Quoya dilatata facts for kids
Quick facts for kidsQuoya dilatata
Quoya dilatata is a flowering plant in the mint family Lamiaceae and is endemic to Western Australia. It is a low, spreading shrub with its branches and leaves densely covered with a layer of white, woolly hairs. The leaves are wrinkled or crinkly and the tube-shaped flowers are orange-red and hairy on the outside.
Quoya dilatata is a spreading shrub, growing to a height of 30–60 cm (10–20 in) and which has its branches and leaves densely covered with a layer of white, woolly hairs. The leaves are egg-shaped to spoon-shaped with the narrow end towards the base, 1.5–3 cm (0.6–1 in) long, 7–11 mm (0.3–0.4 in) wide. The upper surface is wrinkled or crinkly and the lower has a network of veins.
The flowers are usually solitary in the upper leaf axils, forming a long, leafy spike of flowers. Each flower has a thin, hairy stalk 2–4 mm (0.08–0.2 in) long and is surrounded by leaf-like bracts and bracteoles which are woolly-hairy on the lower surface and glabrous on the upper surface. The five sepals are 8–12 mm (0.3–0.5 in) long, spoon-shaped and joined at their bases to form a very short tube. The sepals are thin and thickly woolly-hairy on the outside and glabrous on the inside. The petals are orange-red in colour, 20–25 mm (0.8–1 in) long, forming a tube which gradually widens towards the five lobes on the end. The tube is densely hairy on the outside and glabrous inside, except for a ring of hairs around the ovary. The lowest petal lobe is musch larger than the others, more or less egg-shaped, 5–7 mm (0.2–0.3 in) long, 4–6 mm (0.16–0.24 in) wide. The other four lobes are about equal in size, with two lobes erect and the two on each side of the end of the tube. The four stamens extend beyond the end of the petal tube, the lower pair longer than the other. Flowering occurs in September, October or November and is followed by fruit which is almost spherical, 2–3 mm (0.08–0.1 in) in diameter and densely hairy with the sepals remaining attached.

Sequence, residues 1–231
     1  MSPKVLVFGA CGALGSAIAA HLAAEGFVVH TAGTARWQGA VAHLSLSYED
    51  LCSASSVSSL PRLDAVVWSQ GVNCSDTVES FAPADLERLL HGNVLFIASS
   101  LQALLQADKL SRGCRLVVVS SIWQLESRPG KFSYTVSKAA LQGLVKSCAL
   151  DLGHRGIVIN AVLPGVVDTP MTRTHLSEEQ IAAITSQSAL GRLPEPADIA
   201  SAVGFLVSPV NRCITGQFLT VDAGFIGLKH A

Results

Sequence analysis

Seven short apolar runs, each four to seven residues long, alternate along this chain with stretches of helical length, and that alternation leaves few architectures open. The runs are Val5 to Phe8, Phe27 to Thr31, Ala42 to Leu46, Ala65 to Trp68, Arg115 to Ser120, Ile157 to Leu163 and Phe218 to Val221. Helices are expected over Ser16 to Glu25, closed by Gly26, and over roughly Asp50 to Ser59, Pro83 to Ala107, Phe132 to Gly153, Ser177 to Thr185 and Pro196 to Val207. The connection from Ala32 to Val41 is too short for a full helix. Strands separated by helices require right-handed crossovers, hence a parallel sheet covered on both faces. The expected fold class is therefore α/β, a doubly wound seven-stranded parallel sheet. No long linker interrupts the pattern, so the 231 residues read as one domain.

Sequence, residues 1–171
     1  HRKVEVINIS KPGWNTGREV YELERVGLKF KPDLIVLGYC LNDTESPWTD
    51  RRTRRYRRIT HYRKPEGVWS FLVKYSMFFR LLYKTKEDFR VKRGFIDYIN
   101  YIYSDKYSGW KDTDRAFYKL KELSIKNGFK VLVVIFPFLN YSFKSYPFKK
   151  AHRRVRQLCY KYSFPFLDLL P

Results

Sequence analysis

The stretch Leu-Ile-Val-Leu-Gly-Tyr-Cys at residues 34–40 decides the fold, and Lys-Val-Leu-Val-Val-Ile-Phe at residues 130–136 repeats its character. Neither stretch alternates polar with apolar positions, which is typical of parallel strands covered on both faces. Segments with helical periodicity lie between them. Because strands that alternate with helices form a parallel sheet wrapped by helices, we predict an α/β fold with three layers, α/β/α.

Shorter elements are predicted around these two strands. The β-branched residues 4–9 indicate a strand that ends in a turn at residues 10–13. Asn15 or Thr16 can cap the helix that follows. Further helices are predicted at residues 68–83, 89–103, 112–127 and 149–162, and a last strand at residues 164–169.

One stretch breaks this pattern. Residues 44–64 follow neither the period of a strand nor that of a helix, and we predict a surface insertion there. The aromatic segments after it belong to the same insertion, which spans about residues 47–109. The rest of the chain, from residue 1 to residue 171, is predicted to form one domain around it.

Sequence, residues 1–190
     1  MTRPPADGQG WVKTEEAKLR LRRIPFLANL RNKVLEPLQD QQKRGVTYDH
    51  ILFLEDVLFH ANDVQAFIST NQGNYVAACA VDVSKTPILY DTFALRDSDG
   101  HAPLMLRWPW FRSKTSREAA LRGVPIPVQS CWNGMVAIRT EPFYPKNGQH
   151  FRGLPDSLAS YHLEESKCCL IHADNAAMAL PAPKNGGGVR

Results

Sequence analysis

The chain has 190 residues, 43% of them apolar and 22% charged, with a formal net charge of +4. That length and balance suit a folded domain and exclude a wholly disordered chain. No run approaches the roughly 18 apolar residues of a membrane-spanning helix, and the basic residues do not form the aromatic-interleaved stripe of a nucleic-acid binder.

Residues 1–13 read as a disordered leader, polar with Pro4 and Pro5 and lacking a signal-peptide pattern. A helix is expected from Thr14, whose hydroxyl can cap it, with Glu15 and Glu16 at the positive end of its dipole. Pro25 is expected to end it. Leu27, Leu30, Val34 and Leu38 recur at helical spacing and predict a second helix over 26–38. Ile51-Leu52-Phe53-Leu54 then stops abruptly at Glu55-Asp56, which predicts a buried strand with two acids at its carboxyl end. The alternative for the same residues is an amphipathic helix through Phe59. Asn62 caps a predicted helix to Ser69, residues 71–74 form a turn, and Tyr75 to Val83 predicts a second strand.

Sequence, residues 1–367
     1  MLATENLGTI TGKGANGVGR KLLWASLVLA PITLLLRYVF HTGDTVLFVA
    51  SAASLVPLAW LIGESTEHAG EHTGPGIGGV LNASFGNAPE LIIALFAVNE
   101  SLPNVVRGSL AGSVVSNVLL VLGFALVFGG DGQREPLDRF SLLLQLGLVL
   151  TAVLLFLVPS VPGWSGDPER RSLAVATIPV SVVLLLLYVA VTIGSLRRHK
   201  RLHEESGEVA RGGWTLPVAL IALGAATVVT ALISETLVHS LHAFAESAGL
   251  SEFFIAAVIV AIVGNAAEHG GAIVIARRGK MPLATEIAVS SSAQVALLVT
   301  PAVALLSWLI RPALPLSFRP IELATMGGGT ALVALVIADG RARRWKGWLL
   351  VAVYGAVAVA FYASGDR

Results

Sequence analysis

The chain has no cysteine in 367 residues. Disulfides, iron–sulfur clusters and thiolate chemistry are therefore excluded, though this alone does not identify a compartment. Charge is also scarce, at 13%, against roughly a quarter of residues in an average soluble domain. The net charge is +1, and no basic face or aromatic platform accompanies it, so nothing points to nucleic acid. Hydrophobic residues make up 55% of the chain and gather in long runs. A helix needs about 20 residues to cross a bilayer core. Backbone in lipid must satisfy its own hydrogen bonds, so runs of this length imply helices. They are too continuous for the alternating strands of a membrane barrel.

Taxonomy and naming
This species was first formally described in 1868 by Ferdinand von Mueller who gave it the name Chloanthes dilatata. The description was published in Fragmenta phytographiae Australiae from a specimen collected by James Drummond near the Murchison River. In 1870, George Bentham changed the name to Pityrodia dilatata but in 2011, Barry Conn and Murray Henwood changed the name to Quoya dilatata and published the change in Australian Systematic Botany. The specific epithet (dilatata) is a Latin word meaning "spread" or "expanded".
Quoya dilatata mainly occurs between Perth and Carnamah but has also been found near Northam and Cowcowing, in the Avon Wheatbelt, Geraldton Sandplains, Jarrah Forest and Swan Coastal Plain biogeographic regions. The only known collection near the Murchison River was of the type specimen.
Quoya dilatata is classified as "not threatened" by the Western Australian Government Department of Parks and Wildlife.
Quoya dilatata Facts for Kids. Kiddle Encyclopedia.